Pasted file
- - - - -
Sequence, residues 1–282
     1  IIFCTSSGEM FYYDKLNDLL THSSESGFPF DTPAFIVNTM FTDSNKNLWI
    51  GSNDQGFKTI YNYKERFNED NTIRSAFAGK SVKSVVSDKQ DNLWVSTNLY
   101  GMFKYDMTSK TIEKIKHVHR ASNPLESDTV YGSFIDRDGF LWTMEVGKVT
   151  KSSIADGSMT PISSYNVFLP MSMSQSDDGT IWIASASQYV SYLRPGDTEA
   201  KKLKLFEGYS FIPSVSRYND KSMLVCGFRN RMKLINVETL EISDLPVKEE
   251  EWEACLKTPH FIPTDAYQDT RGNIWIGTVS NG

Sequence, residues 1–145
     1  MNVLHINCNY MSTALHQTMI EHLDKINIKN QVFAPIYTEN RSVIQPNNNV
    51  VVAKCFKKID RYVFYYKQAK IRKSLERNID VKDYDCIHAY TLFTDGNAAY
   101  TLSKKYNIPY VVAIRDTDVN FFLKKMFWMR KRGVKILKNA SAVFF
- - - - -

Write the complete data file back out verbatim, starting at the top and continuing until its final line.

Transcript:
Sequence, residues 1–282
     1  IIFCTSSGEM FYYDKLNDLL THSSESGFPF DTPAFIVNTM FTDSNKNLWI
    51  GSNDQGFKTI YNYKERFNED NTIRSAFAGK SVKSVVSDKQ DNLWVSTNLY
   101  GMFKYDMTSK TIEKIKHVHR ASNPLESDTV YGSFIDRDGF LWTMEVGKVT
   151  KSSIADGSMT PISSYNVFLP MSMSQSDDGT IWIASASQYV SYLRPGDTEA
   201  KKLKLFEGYS FIPSVSRYND KSMLVCGFRN RMKLINVETL EISDLPVKEE
   251  EWEACLKTPH FIPTDAYQDT RGNIWIGTVS NG

Sequence, residues 1–145
     1  MNVLHINCNY MSTALHQTMI EHLDKINIKN QVFAPIYTEN RSVIQPNNNV
    51  VVAKCFKKID RYVFYYKQAK IRKSLERNID VKDYDCIHAY TLFTDGNAAY
   101  TLSKKYNIPY VVAIRDTDVN FFLKKMFWMR KRGVKILKNA SAVFF